Northern Sky Research

Changes in the Most Dynamic DTH Market

Aug 15th, 2013 by Blaine Curcio   More from this Analyst | Profile

With the recent announcement of a proposed merger between Reliance Digital and Sun Direct, which would form India’s 2nd largest DTH platform, the world’s most dynamic DTH market has kicked it up a notch. With 5 major platforms jostling over 1.1 billion people, the Indian DTH market is transitioning from being characterized by breakneck subscriber growth to more nuanced subscriber retention and development.

As the market continues to grow at a considerable clip, there will be several key concepts to grasp in order to capitalize on this growth—the fundamentally unique aspects of the Indian market, the way in which operators are trying to retain existing customers, and the future direction of the industry following digitalization.

The Indian DTH market is by no means unique among developing economies, in the sense that a high percentage of Indian DTH subscribers are pre-paid and short-term. However, it is a unique market when considering the sheer number of these types of subscribers, which themselves outnumber the DTH subs in most countries. NSR’s Direct-to-Home Markets, 6th Edition estimates that there are around 40 million DTH subscribers in India as of 2012, making it the largest DTH market in the world by subscribers. However, many published articles and press releases would put the number at around 60 million subscribers. This difference of around 20 million represents a sea of short-term, pre-paid customers, who are currently inactive. Moving forward, it will be critical for Indian operators to tap into this customer segment and up their retention rate, for these people have already made the effort to get satellite TV, and thus are considerably more likely to be long-term customers. Platforms are employing an arsenal of different tools to help retain these customers, and eventually grow their ARPUs.

Platforms up to this point have used a number of promotional strategies to lure customers into the DTH market, which include 3 free months of service, buy a 1-year contract and receive 2 months free, etc. While these offers have helped to boost customer retention, subscriber churn remains the single biggest issue among operators, in some cases reaching as high as 35%.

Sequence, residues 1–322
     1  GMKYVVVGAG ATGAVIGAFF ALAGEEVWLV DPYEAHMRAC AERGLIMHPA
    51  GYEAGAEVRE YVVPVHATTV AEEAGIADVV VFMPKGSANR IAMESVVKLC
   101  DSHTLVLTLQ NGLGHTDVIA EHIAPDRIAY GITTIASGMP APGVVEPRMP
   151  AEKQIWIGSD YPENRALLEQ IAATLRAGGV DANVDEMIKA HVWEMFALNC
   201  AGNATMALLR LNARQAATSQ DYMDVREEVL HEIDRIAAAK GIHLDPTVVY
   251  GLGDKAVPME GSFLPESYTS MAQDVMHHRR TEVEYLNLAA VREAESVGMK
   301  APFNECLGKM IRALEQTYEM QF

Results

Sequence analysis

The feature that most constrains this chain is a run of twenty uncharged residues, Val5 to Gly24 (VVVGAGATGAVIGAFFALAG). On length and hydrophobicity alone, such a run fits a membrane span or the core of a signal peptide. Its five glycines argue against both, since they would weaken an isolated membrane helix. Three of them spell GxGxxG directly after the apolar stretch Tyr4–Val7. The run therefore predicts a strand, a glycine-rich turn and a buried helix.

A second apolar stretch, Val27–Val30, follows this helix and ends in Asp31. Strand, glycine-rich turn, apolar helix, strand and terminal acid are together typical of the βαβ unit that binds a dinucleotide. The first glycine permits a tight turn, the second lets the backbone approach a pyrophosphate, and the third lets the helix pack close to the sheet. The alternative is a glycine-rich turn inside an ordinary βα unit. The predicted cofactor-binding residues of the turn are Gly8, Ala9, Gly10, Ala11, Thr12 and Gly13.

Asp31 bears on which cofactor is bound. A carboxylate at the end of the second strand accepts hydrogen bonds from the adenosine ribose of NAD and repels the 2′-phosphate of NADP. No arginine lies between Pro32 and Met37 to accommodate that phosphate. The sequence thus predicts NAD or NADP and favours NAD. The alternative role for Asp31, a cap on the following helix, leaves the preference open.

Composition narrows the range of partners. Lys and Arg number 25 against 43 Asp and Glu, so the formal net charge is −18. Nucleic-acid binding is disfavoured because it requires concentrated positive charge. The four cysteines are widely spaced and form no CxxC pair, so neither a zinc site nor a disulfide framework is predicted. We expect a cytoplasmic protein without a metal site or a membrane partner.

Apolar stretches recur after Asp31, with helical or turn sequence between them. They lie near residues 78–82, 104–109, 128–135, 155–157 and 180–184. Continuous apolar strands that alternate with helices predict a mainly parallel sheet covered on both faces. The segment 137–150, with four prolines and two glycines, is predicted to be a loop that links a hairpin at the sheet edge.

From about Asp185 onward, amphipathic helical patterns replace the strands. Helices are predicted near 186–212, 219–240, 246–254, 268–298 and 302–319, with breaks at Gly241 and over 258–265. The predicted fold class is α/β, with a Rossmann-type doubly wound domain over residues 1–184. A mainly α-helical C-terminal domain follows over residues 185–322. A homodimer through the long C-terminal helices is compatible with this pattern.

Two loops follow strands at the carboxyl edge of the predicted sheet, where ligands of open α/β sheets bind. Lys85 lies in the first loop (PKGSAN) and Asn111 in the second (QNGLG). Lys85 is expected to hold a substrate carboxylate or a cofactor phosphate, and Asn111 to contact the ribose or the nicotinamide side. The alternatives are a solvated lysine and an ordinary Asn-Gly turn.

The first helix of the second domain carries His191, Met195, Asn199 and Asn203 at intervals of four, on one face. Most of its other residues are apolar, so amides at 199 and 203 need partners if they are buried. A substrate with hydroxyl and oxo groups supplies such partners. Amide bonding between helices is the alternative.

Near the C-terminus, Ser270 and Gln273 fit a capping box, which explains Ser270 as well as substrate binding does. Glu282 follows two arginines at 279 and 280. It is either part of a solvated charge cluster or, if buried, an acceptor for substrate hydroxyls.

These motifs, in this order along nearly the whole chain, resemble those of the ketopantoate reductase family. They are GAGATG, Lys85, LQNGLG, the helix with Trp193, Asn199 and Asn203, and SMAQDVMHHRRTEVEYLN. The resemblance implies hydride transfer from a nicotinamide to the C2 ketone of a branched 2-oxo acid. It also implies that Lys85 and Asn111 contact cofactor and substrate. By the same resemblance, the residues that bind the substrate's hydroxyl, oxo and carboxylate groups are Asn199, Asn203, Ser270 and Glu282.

In NSR’s view, the Indian DTH market requires further granularity of product offerings. In a country and an economy as diverse as India’s, customization is a must. This business model has proven very successful for other firms within India, most notably Samsung, who has recently unseated Nokia in mobile phone sales in India. A large driver of this success is Samsung’s diverse product offering—for example, they sell 10 different phones priced between $16US and $31US, each with a few more features. DTH operators could and should learn from this example, by offering a diverse array of services allowing customers to marginally upgrade content for a minimal added cost, thus helping them move up the ARPU chain.

As the digitalization process continues in India, nearly 100M new households will become digital by EoY2014. DTH holds a geographical advantage over cable in signing up these new households, due to their tendency to be located in rural areas where cable is prohibitively expensive to install. However, with more lax controls over payment and content viewing, cable does have a competitive advantage over DTH, particularly among India’s most poverty-stricken regions. Overall, for DTH operators to capture a large share of the newly digitized households in the coming years, they will need to combine their existing core competencies of better customer service and quality of product with a more diverse product offering. This will lead to meager profit margins for the short-term, but place them in better position for long-term sustained growth in the world’s most dynamic DTH market.

Bottom Line

NSR’s Global Direct-to-Home Markets, 6th Edition projects a global addition of just over 124M DTH subscribers by 2022. Of this number, nearly 45 million will come from South Asia, of which the overwhelming majority will be in India. By changing focus from customer acquisition to building customer ARPUs, DTH platforms are changing the market landscape. With a variety of options at their disposal, it is in NSR’s view that the most effective method of building ARPUs will be granular subscription options, allowing customers to slowly and cheaply add a few more channels. As digitalization continues to march across the subcontinent, DTH platforms need to rely on their core competencies while also stemming the tide against cable, particularly by leveraging their accessibility in rural areas. Bottom line, growth, as well as competition, will be fierce in the coming years in India, and it is up to DTH platforms to capitalize on the development of the country and its populace.

Information for this article was extracted from NSR's report: Global Direct-to-Home Markets, 6th Edition